DURHAM, N.C. (BP)--The plane was late in arriving at the Charlotte airport, but we soon spotted Matthew, the 20-year-old from Las Vegas who had traveled to North Carolina seeking a special dose of hope for the drug problem that had clouded his life the past few years. He would soon be in the mountain treatment center where he expected to make a change in the direction of his life.
DURHAM, N.C. (BP)--“He still thinks he can do it on his own!” another disappointed parent confessed.
DURHAM, N.C. (BP)--The phone rang late at night. It was obvious by the caller's slurred, emotional words that he was drinking heavily.
DURHAM, N.C. (BP)--Only those who live in a dream world, unencumbered by the daily tragedies and challenges of the real world, would flippantly comment, "I know of no one with a drug problem." Our telephones ring constantly, our mailboxes are full and there is no shortage of individuals who seek help and hope for their loved ones who hurt.
DURHAM, N.C. (BP)--In a question-and-answer session at Parkview Baptist Church in Morehead City, N.C., on Nov. 16, a concerned member echoed the question most often tendered in a church setting: "What can we do to be a part of the solution of the drug problem?"
DURHAM, N.C. (BP)--The national roadmap to victory in the much-heralded "war on drugs" has proven to be misleading to the public. In the first of this two-part series (Baptist Press, Aug. 27), we assessed six of the major misconceptions promoted, deliberately or accidentally, by those entrusted with leadership roles in this effort. In today's column we will address another six misconceptions.
DURHAM, N.C. (BP)--Leaders in today's "war on drugs" have placed their major emphases on interdiction efforts and stiff punishments for those who produce, smuggle or sell illegal substances. A lesser degree of attention has been paid to certain prescribed prevention and treatment efforts. Public opinion has been mobilized to insure the continuation of these somewhat questionable but noble-appearing efforts. In order to justify this current agenda of action, our leadership has perpetuated several misconceptions designed to hold at bay those who ordinarily might question a course that thus far has offered no real proof of permanent success.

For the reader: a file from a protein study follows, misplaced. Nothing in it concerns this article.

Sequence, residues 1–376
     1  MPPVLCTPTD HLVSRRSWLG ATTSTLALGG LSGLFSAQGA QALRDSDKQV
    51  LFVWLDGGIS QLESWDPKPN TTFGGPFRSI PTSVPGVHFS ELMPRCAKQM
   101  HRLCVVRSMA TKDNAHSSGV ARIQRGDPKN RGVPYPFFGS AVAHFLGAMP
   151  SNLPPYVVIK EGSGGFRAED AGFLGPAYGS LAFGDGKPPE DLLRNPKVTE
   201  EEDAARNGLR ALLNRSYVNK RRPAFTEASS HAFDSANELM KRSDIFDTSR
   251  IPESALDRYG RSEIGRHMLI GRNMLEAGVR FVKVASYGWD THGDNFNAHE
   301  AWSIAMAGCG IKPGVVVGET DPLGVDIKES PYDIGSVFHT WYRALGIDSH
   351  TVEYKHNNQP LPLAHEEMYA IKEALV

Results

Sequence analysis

DURHAM, N.C. (BP)--Following a recent speaking engagement a member of the congregation walked forward. "Before we complete the service, let me say something." He paused for a moment, trying to control his emotions and collect his thoughts.
DURHAM, N.C. (BP)--Several months ago we received a contact from a bivocational pastor and his wife who had read the HomeLife cover feature we had authored in the magazine's September 2001 issue. They were deeply concerned about their sons who had tasted the bitter fruits of drug abuse. The concerned parents wrote us a lengthy letter detailing all the agonizing events in each son's history. Their deep frustration and pain had not killed their abiding love for their children, and they eagerly sought from us advice and encouragement, which we gladly dispensed. They were determined to rescue their errant loved ones from their own self-made hells on earth.
DURHAM, N.C. (BP)--Peer pressure is often the whipping boy in discussions about drug abuse. We usually assume that others force our loved ones to join the ranks of drug abusers. However, peer pressure is a much more subtle occurrence, and the choice to join the activities of one group or another often is born within oneself rather than outside.